How To Use Saline Nasal Sprays

A saline nasal spray is a sterile saltwater solution used to lubricate, moisturize, and flush nasal passages in adults, children, and even babies. It is a simple option for treating nasal and sinus dryness, itching, and congestion caused by colds and allergies. It can also be used to relieve snoring.

Unlike steroid nasal sprays or antihistamine nasal sprays, saline nasal spray does not contain medicine. This means you can safely use it as often as you need to relieve your symptoms.

This article discusses how nasal sprays work and the correct way to use them. It also lists some of the common brands and explains how you can make your own at home.

Woman using nasal spray for controlling rhinitis
Burger / Getty Images

What Are Saline Nasal Sprays?

Saline nasal sprays are small spray bottles that contain saline—a mixture of sodium chloride (salt) and sterilized water.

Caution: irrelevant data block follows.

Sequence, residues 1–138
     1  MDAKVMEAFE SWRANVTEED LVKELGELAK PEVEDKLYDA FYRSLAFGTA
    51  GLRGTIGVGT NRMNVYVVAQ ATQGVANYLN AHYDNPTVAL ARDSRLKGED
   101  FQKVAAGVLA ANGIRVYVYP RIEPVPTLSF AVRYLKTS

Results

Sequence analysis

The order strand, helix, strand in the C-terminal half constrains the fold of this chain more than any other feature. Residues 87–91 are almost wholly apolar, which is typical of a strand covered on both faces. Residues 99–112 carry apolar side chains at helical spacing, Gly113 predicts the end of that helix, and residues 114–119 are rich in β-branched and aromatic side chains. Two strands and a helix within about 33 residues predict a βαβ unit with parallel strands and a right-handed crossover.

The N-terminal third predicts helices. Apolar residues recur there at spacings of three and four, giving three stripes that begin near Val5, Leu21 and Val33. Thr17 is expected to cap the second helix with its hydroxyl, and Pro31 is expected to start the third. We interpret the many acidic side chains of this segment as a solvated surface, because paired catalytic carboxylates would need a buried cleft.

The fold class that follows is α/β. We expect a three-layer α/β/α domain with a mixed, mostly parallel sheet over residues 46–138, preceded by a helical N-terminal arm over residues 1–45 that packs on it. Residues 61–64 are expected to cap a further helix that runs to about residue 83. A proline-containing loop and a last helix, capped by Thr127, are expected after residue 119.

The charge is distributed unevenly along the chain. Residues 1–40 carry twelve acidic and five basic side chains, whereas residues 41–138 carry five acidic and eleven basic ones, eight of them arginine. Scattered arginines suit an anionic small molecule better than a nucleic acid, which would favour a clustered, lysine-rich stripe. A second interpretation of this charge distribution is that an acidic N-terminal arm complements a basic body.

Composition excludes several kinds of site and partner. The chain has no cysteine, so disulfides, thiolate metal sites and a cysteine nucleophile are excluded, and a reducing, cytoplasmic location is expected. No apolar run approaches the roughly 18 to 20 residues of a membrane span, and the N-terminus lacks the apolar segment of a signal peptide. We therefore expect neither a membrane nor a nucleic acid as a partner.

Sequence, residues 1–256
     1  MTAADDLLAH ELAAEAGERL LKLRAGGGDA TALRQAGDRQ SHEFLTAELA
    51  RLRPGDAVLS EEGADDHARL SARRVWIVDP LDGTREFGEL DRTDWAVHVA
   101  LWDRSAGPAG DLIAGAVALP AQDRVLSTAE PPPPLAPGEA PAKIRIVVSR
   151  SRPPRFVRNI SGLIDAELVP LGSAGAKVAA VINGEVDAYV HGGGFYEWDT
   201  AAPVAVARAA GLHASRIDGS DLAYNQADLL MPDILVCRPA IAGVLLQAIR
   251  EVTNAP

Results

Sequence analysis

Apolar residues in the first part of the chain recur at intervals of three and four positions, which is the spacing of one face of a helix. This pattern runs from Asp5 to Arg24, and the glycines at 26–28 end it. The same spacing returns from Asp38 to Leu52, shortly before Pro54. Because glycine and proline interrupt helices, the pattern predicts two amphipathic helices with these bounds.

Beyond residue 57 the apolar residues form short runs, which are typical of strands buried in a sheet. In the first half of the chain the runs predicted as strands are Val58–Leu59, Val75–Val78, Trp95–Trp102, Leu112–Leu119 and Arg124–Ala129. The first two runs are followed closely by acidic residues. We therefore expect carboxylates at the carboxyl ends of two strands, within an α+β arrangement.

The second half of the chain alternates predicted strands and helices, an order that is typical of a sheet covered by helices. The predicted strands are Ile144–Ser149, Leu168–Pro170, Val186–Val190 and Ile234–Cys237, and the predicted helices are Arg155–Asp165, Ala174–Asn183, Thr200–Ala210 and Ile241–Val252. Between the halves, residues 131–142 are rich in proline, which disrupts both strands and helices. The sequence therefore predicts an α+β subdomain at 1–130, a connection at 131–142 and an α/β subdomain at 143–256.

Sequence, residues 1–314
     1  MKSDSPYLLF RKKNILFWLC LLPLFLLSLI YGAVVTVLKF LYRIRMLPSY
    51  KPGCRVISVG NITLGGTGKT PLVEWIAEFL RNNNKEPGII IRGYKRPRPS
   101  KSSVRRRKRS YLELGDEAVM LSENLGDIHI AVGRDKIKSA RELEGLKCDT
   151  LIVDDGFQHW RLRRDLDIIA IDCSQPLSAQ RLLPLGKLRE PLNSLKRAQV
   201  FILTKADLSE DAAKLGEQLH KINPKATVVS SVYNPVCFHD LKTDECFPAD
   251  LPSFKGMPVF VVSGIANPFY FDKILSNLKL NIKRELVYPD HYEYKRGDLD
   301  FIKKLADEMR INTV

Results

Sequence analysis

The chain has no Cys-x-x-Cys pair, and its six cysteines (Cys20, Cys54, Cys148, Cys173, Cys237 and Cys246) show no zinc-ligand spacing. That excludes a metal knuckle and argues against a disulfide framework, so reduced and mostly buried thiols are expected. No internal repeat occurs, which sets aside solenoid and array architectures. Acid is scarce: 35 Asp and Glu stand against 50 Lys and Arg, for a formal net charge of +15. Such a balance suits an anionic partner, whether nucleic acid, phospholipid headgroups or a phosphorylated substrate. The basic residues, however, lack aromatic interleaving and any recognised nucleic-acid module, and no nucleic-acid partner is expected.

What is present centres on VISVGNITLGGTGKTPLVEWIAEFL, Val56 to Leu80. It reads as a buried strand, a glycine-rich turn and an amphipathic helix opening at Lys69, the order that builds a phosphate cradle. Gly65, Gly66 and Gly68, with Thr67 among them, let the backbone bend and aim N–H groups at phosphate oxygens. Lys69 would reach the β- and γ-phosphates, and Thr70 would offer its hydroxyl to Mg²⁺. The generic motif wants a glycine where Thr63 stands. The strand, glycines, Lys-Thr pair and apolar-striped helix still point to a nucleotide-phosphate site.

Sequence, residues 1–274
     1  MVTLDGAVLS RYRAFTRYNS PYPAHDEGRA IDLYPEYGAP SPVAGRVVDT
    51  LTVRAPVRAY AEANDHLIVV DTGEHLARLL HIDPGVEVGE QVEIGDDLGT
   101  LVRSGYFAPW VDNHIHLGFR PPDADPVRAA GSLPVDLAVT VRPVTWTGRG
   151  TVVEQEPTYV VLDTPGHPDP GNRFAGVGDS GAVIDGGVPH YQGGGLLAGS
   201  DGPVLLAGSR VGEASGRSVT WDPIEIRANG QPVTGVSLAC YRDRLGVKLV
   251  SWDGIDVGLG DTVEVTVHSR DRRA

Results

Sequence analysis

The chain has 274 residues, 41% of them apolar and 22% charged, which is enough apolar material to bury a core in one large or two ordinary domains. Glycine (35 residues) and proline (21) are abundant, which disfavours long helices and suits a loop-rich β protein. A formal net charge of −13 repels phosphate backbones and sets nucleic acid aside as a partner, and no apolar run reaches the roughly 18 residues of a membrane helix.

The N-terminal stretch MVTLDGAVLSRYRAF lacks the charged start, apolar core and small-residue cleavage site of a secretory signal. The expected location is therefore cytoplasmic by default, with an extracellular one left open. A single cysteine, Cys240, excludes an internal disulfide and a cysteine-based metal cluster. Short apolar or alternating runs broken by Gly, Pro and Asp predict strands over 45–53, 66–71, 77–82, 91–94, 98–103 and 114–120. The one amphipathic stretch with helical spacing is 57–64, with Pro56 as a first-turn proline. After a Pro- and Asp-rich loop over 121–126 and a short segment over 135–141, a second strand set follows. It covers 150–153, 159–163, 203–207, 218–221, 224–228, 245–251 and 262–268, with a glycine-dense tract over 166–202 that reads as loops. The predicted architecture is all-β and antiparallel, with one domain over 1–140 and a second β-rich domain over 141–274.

The saline solution used in nasal sprays is isotonic, meaning that it is the same saline concentration as that which is naturally found in the human body.

Saline nasal spray can be used for the following purposes:

Saline Nasal Spray and COVID-19

Some studies suggest that saline nasal spray can help reduce congestion, runny nose, and sneezing in people with COVID-19. Even so, speak with your healthcare provider before using any nasal spray to treat COVID-19.

How Do Saline Nasal Sprays Help Allergies?

Studies show that the use of saline nasal sprays effectively relieves allergy symptoms and improves overall quality of life in people with allergic rhinitis (hay fever).

Saline nasal spray helps relieve allergy symptoms in a few ways:

  • Saline helps flush out mucus, allergens, crust, and other irritants from the nasal passages.